Saudi Arabia and Iran continue to turn their national struggle into a religious conflict. The first is dangerous. The second could be catastrophic.
Yet Riyadh, America’s nominal ally, just demonstrated that it is the more reckless of the two states by executing Shia cleric Nimr al-Nimr.
There is much bad to say about Tehran’s authoritarian and interventionist Islamic regime. But even worse is Saudi Arabia, considered by Washington to be a valued ally.
The Kingdom of Saudi Arabia is essentially a totalitarian state. Last year Human Rights Watch reported that Saudi Arabia continued “to try, convict, and imprison political dissidents and human rights activists solely on account of their peaceful activities.”
Freedom House rated the kingdom at the bottom in terms of both civil liberties and political rights. Purported “antiterrorism” legislation allowed the “authorities to press terrorism charges against anyone who demands reform, exposes corruption or otherwise engages in dissent.”
The U.S. State Department devoted 57 pages to the Saudi monarchy’s human rights (mal)practices. Noted State: “The most important human rights problems reported included citizens’ lack of the ability and legal means to change their government; pervasive restrictions on universal rights such as freedom of expression, including on the internet, and freedom of assembly, association, movement, and religion; and a lack of equal rights for women, children, and noncitizen workers.”
The Saudi royals are, if anything, even more repressive when it comes to matters of faith. The U.S. Commission on International Religious Freedom reported that the regime “remains unique in the extent to which it restricts the public expression of any religion other than Islam.”
In its latest assessment State noted that citizens are required to be Muslims and that apostasy may be punished by death. Obviously, “freedom of religion is not protected under the law.”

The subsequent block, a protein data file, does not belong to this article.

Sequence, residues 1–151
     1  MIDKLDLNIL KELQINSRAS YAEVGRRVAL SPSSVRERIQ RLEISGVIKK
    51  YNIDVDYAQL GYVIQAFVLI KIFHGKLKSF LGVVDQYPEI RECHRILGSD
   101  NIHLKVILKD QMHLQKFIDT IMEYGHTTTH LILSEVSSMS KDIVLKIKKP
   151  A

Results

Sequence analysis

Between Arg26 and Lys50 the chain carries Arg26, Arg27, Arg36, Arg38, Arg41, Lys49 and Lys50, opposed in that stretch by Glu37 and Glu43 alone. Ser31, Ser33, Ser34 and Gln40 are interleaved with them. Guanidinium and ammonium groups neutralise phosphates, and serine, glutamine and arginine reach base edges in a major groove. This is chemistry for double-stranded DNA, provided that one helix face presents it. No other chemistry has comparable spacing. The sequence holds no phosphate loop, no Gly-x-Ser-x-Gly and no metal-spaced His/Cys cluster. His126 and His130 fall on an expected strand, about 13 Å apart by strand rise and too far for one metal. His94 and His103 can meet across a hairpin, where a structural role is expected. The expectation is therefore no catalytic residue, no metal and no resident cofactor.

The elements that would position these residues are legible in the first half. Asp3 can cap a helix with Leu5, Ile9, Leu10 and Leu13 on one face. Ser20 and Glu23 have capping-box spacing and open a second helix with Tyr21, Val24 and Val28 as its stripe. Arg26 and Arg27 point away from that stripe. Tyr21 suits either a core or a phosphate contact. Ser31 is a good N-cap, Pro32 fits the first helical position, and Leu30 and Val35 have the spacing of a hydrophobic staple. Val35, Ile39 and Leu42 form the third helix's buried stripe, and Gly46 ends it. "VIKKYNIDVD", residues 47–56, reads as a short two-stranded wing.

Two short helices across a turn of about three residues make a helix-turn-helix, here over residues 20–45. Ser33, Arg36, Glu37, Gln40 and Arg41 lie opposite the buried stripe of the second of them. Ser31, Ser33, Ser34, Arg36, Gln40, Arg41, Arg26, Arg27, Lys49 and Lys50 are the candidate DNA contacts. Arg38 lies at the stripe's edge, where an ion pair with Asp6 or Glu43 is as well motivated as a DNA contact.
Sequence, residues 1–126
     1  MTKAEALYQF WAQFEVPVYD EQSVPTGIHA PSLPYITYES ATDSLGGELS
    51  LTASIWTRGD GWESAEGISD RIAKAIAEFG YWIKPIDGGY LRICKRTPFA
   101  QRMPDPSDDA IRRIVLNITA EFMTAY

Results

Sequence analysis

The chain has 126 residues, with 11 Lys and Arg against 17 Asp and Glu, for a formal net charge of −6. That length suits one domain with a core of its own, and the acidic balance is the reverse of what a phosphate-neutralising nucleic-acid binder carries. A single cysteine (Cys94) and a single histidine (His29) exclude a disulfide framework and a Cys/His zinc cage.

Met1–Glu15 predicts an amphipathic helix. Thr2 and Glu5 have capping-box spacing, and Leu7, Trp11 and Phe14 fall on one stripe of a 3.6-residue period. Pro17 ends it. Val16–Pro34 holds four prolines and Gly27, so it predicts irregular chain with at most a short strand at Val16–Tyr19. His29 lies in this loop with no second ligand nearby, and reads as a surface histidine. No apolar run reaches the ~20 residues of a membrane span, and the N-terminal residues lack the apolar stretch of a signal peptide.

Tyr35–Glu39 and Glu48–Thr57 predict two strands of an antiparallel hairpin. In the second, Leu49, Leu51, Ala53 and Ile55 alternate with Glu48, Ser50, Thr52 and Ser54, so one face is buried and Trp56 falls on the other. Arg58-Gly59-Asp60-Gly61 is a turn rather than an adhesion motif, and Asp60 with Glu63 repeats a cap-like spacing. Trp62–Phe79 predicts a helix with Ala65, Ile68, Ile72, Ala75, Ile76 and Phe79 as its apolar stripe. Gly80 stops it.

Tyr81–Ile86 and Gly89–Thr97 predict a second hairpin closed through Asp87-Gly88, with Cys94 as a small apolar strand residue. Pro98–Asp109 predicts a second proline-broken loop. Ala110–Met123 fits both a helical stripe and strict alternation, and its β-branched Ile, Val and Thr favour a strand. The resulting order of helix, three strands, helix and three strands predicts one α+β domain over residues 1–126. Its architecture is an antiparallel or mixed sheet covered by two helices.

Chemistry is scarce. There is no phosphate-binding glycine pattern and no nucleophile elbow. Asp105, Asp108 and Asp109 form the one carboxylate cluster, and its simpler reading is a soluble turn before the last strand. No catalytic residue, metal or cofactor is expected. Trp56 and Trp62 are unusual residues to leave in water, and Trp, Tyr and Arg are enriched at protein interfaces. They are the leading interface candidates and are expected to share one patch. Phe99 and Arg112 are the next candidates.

Essentially, Saudi Arabia is an early version of the Islamic State which won social acceptance in the West.
Unfortunately, Riyadh doesn’t limit religious repression to home. The licentious royals propagate fundamentalist Wahhabist Islam abroad. The KSA backed the Taliban regime, which shared Riyadh’s enthusiasm for brutal implementation of 7th century Islam. Some wealthy Saudis supported al-Qaeda before 9/11.
According to Wikileaks, Secretary of State Hillary Clinton confirmed that Saudi money continues to flow to terrorists. And the monarchy has generously supported extremist Syrian rebels.
Turning the American military into the Saudi royals’ bodyguard also spurred attacks on Americans The first Gulf War was directed more to safeguard Saudi Arabia than liberate Kuwait; the U.S. garrison left in Saudi Arabia stoked Osama bin-Laden’s anger and was later targeted in the 1996 Khobar Towers bombing. Finally, attacking Iraq created the murderous al-Qaeda in Iraq, which became a prolific employer of suicide bombers and morphed into the Islamic State.
Saudi Arabia sells the West oil, but out of necessity, not friendship. Any successor regime would do the same. Anyway, the transformation of the international energy marketplace means Washington need not worry about reduced Saudi oil exports.
On foreign policy, Riyadh is as problematic as Iran. Killing a Shiite cleric for standing up to the oppressive Sunni monarchy moved the region closer to multinational sectarian conflict. The royals have made a political settlement in Syria far harder, if not impossible.
Saudi Arabia also is ruthless in suppressing democracy and human rights elsewhere. For instance, Riyadh intervened militarily to back Bahrain’s Sunni monarchy and subsidized Egypt’s brutal al-Sisi dictatorship.
Even worse has been the KSA’s intervention in Yemen. The long-running civil war was tribal more than sectarian, but Saudi Arabia turned it into another sectarian proxy fight. The humanitarian consequences have been horrific.
Instead of being treated as an ally, Saudi Arabia “should be a pariah,” argued Freedom House President Mark Lagon. As I point out in Forbes, “at the very least, U.S. officials should drop the faux intimacy. .”